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Using a robot to teach human social skills

July 9, 2007

By Emmet Cole

Children with autism are often described as robotic: They are emotionless. They engage in obsessive, repetitive behavior and have trouble communicating and socializing.

Now, a humanoid robot designed to teach autistic children social skills has begun testing in British schools.

Known as KASPAR (Kinesics and Synchronisation in Personal Assistant Robotics), the $4.33 million bot smiles, simulates surprise and sadness, gesticulates and, the researchers hope, will encourage social interaction amongst autistic children.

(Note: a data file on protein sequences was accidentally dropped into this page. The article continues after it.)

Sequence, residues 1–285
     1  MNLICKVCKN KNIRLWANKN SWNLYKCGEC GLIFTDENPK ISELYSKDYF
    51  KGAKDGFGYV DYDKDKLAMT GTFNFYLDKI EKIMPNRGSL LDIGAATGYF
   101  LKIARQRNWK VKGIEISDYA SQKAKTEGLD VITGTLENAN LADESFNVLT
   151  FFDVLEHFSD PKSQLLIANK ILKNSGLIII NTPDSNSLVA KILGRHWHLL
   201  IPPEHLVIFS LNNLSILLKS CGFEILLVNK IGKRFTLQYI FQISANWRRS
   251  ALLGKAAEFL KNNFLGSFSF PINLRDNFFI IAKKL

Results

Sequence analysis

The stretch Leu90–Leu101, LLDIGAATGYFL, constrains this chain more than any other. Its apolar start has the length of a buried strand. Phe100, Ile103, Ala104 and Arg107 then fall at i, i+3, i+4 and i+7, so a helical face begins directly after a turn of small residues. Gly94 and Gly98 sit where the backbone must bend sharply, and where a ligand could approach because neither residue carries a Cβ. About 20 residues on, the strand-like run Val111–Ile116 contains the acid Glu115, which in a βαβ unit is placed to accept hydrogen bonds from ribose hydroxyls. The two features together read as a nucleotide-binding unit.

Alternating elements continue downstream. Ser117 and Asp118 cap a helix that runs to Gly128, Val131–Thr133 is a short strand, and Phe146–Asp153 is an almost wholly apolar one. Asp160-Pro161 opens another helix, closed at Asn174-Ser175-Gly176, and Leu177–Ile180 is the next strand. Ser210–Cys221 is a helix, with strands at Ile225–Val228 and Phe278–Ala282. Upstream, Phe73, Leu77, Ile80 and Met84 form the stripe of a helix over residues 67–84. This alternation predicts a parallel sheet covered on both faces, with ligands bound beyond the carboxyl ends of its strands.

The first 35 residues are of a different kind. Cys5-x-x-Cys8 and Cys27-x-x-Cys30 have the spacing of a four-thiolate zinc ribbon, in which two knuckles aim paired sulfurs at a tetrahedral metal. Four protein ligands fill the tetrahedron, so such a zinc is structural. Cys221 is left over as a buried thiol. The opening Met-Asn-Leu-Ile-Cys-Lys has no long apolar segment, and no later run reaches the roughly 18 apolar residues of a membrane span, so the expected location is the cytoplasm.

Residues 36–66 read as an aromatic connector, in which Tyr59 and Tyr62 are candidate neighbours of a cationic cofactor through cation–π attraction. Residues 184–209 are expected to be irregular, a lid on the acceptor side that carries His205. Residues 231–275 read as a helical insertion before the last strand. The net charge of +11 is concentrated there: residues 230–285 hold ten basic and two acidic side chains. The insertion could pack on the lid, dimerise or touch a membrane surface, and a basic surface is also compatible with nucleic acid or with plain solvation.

Relying on a robot to teach human social skills might seem counterintuitive, but autism presents a special case, said Dr. Cathy Pratt, director of the Indiana Resource Center for Autism at Indiana University.

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